Note: This post was used as a homework assignment and may contain spoilers.
Historical fiction is a genre that I enjoy but seldom read. I like that this book is mostly realistic, but has a slight mystical/magical element to it. I think that magical element will make the book more interesting and manageable for kids. I liked that we were given several different main characters to follow spaced a few years apart. It shows how the war and the time period affected different types of people and kids. First we’re introduced to a character on the German side of things. It was interesting to read about Germans who did not agree with Hitler—often I think all Germans get lumped together as being Nazi supporters when that likely was not the case. This could teach kids not to make blanket assumptions about groups of people. Not everyone within a group is going to agree on everything (or anything). Children can see how even families may not agree on everything—even really important issues. In the end, you may not ever come to an agreement, but you’re still a family and should still love each other.
Next we’re introduced to an American orphan and we see what life is like for him and his brother. Again, it gives the reader a realistic view of the hard circumstances that some of these kids had to grow up in. With the war, a lot of children were left orphans for various reasons. Their fathers were likely off at war (or killed in combat) while disease was hard to avoid as well without our modern medicine. Even though not explicitly stated, Mike and Frankie’s story is set during the Great Depression (you can learn more about the Great Depression here). During this period of time it was especially difficult to care for children. As shown in the book, orphanages were overrun by boys (and girls) without families. I think this line from the book especially sums up what many children must have felt during this time period: “If the blues meant a song begging for its life, then Mike’s middle section of ‘America the Beautiful’ was a cry for a place to call home” (pg 338). Many children just wanted a home, but circumstance prevented them from having that.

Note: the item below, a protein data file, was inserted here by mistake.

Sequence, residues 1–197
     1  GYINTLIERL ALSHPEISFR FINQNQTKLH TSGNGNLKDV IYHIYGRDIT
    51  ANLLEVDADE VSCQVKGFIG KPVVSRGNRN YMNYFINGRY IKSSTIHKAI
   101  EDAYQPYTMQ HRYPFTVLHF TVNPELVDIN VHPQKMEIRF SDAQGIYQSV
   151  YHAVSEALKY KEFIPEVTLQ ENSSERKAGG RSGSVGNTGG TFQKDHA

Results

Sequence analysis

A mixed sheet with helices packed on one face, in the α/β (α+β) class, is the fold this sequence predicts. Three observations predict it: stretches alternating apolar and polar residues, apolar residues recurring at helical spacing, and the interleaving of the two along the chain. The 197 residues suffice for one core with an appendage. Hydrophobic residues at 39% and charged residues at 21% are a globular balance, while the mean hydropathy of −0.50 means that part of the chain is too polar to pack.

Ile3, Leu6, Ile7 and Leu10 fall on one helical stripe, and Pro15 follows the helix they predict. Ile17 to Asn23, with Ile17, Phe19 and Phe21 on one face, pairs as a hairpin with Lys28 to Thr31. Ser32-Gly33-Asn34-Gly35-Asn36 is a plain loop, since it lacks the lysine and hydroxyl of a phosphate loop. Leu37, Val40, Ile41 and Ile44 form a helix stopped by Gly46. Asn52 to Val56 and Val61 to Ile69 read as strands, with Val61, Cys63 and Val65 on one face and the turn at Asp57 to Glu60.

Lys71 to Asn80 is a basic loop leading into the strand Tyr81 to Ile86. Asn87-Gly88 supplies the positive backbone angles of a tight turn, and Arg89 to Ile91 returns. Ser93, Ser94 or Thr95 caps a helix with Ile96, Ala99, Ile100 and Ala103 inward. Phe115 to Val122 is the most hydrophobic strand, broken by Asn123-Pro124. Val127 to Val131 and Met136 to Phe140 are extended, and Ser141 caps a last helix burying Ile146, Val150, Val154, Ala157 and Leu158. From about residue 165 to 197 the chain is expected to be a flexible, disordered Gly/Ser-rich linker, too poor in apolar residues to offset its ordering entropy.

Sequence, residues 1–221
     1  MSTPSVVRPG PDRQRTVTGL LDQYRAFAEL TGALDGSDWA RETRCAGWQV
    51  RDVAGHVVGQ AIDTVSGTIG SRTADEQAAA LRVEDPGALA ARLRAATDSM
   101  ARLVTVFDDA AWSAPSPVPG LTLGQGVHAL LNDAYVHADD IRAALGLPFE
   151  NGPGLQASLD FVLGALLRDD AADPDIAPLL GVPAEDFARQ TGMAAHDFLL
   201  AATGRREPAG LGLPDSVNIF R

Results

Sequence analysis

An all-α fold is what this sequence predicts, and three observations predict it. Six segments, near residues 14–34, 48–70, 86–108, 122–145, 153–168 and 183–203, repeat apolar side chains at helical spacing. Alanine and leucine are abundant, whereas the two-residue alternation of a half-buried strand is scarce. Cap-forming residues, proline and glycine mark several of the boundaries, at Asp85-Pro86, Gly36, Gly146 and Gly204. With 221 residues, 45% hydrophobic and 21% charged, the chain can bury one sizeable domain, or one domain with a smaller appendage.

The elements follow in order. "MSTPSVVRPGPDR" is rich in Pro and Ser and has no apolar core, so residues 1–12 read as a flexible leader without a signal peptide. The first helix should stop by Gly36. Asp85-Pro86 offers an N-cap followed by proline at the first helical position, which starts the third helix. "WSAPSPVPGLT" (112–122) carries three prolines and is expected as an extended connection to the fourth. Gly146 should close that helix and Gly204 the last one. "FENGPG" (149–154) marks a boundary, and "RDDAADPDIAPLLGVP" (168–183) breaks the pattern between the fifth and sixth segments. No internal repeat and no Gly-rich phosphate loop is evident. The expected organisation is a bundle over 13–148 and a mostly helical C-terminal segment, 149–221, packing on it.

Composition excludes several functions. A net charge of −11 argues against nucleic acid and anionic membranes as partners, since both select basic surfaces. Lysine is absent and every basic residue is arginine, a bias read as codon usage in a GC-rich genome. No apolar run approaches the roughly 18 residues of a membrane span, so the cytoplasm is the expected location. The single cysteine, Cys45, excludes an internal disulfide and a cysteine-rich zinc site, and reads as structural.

Lastly, we’re introduced to a Mexican-American girl whose family is trying to find a place where they can truly settle down. We learn about some prejudices that existed against Mexicans and Mexican-Americans as well as what Japanese families had to deal with during the war. I was horrified at the treatment and suspicion that surrounded the Yamamotos. I was also deeply saddened by the Ward family as they grieved for their dead son. This book gives readers a little window into the everyday life of some of the normal people who were affected by the war. Another book that gives a window into everyday life during wartime is In the Shadow of Blackbirds by Cat Winters. This book is set during World War I and also talks a lot about the Spanish Influenza. Like Echo, it’s a historical fiction book with a little bit of the fantastical thrown in. I would also recommend The War that Saved My Life by Kimberly Brubaker. While I haven’t read it, I understand that it’s also about children living during World War II.